More speech, not less, is needed at Pride Toronto

via xtra.ca Pride Toronto’s board and executive appear hapless in the face of threats to their organization’s funding that come with even greater threats to the community’s core values. The ironic attempt to spin censorship as a form of inclusion …

Pride Toronto’s board and executive appear hapless in the face of threats to their organization’s funding that come with even greater threats to the community’s core values. The ironic attempt to spin censorship as a form of inclusion is baffling and Orwellian, especially considering the history of Pride and the struggle for LGBT rights in Toronto and elsewhere. This crisis has the potential to tear Pride Toronto apart at the seams and is a caution to all of us about the state of free speech.

I wanted to add background relevant to the specific use of the words “Israeli apartheid” by QuAIA. Many see these words as inflammatory, which they no doubt are. But are they hate speech? Is there a truth within these words? How can we know unless we have free speech and open discourse?

You don’t have to do much Googling to find factual, intelligent and hate-free analyses that show very effectively and clearly that Israel finds itself at a very difficult crossroads in its history. Perhaps the best recent example of this kind of analysis is that presented recently by John J Mearscheimer: http://mrzine.monthlyreview.org/2010/mearsheimer300410.html

http://blip.tv/play/AYHapjUC

To summarize the argument: due to demographic factors, the ongoing rejection of a two-state solution in Israel and Palestine and a policy aimed at establishing so-called Greater Israel, Israel faces what appears to be an impossible existential dilemma. Either it will continue to be a democratic state or a Jewish state, but it will no longer be able to be both. Israel risks, according to Mearscheimer, becoming an “apartheid state”. It is a grim, but very sober analysis.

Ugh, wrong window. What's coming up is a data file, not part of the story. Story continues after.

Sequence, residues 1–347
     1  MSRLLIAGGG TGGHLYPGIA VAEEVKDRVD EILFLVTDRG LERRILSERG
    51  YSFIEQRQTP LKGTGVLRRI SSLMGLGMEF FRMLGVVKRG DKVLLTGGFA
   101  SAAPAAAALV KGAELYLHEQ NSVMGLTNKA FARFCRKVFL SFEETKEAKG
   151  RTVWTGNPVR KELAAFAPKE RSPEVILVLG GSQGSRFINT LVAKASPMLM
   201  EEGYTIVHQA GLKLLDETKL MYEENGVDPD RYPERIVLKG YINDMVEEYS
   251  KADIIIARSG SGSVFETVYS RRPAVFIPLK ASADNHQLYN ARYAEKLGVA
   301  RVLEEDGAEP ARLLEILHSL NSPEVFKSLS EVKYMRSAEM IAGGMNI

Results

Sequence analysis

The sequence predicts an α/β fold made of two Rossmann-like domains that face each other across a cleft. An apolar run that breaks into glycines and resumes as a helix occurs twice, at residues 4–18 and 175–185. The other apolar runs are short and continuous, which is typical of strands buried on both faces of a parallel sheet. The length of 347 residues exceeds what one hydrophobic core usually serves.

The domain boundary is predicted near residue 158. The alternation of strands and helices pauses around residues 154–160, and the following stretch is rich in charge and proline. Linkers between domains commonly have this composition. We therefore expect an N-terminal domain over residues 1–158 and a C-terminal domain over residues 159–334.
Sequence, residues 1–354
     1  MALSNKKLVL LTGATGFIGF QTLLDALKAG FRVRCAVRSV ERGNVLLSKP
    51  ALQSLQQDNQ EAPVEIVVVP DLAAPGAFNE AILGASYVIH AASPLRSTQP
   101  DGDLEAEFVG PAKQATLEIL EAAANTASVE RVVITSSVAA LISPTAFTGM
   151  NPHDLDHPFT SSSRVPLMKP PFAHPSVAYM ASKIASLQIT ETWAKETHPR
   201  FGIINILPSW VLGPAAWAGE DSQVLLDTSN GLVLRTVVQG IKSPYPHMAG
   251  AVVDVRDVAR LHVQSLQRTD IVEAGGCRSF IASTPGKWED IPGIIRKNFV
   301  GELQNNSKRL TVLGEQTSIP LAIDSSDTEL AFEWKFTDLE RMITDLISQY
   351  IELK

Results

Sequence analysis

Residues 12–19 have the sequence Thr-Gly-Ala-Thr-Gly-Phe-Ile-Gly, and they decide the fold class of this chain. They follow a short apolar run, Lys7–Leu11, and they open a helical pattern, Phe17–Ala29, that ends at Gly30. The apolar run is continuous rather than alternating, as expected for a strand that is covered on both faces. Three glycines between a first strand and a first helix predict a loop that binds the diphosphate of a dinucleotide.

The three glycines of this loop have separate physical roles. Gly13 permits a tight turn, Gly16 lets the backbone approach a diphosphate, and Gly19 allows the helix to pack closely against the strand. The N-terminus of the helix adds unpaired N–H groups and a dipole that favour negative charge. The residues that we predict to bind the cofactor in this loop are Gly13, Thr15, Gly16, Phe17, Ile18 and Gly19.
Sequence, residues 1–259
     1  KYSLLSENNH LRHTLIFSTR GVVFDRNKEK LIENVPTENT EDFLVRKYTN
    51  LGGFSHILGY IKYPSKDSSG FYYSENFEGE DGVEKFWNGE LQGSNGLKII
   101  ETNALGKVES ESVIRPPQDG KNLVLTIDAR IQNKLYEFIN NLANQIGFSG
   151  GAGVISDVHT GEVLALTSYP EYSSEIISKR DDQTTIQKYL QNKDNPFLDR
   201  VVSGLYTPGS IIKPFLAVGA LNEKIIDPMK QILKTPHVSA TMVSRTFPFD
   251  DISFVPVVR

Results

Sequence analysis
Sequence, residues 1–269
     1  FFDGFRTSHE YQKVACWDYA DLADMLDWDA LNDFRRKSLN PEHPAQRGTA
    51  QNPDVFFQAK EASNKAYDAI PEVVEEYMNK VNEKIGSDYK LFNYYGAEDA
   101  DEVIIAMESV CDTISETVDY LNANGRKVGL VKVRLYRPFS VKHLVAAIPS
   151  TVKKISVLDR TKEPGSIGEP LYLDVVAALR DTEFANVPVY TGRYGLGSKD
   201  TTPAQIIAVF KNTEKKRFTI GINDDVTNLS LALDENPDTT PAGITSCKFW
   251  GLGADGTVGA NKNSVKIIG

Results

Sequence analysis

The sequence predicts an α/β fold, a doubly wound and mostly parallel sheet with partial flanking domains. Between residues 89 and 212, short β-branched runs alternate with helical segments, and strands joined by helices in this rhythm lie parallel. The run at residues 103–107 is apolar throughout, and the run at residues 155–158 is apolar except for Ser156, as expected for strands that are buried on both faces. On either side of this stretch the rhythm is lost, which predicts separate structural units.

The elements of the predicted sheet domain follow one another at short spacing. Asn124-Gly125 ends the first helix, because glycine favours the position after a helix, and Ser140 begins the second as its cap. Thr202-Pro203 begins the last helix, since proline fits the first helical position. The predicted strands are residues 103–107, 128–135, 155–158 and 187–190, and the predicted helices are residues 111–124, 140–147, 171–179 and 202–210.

The accretion of land in the occupied territories to Israel proper and settler communities along with the buffer zones and control points required for Israeli security create pockets of Bantustans across the West Bank. The lines between Israel and the occupied territories are being intentionally blurred by settlement activity, creating new “facts on the ground” which some Israelis see as important to increase bargaining leverage but are in fact disabling their ability to bargain.

If this “Greater Israel” is a de facto reality now or in the forseeable future, then the nature of that state should be seen plainly for what it is or might become. It is very reasonable to look to apartheid-era South Africa as a comparable kind of state.

This Greater Israel scenario is completely reasonable given an analysis of the available facts and a sober assessment of the probability of a final peace settlement based on the principle of two independent states living side by side. Even many who are defenders of Israel are (or should be) rightly concerned about its slide towards this Greater Israel future as a threat to the vision of modern Israel and an affront to both Jewish and liberal democratic values.

Stating this point of view and using the word apartheid has become a lightening rod for those who would banish this speech as unacceptable or hateful speech. It is clearly political speech. It is definitely aimed at influencing attitudes and opinions on issues of human rights and global politics. But hateful? Most definitely not.

How did we get to this point where freedom of speech and thought can be so threatened within the heart of a community’s celebration of the very ideas of equality and freedom of expression? In the West, in Canada, in Toronto – the most diverse city on the planet?

We should all be concerned about the threat to free and open dialogue this case demonstrates, not only those of us who are queer or have an opinion about the future of Israel and Palestine.

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One thought on “More speech, not less, is needed at Pride Toronto”

  1. Hi, I am a member of QuAIA and just wanted to say thanks for writing such a thoughtful piece on the situation in Palestine/Israel and on QuAIA’s situation here in Toronto.You know, I met John Mearsheimer a few years ago back in Texas and it’s interesting for me to recall that just back in 2007 he wanted to speak out and challenge the Israel lobby in the U.S., but he still embraced the two-state solution as the path forward. At that time he dismissed the one-state approach as a sort of flight of fancy. In just this short amount of time, his views on that have changed considerably. I think it shows how attitudes towards the conflict in the West are changing and we have to keep pushing forward our message demanding justice for the Palestinians.

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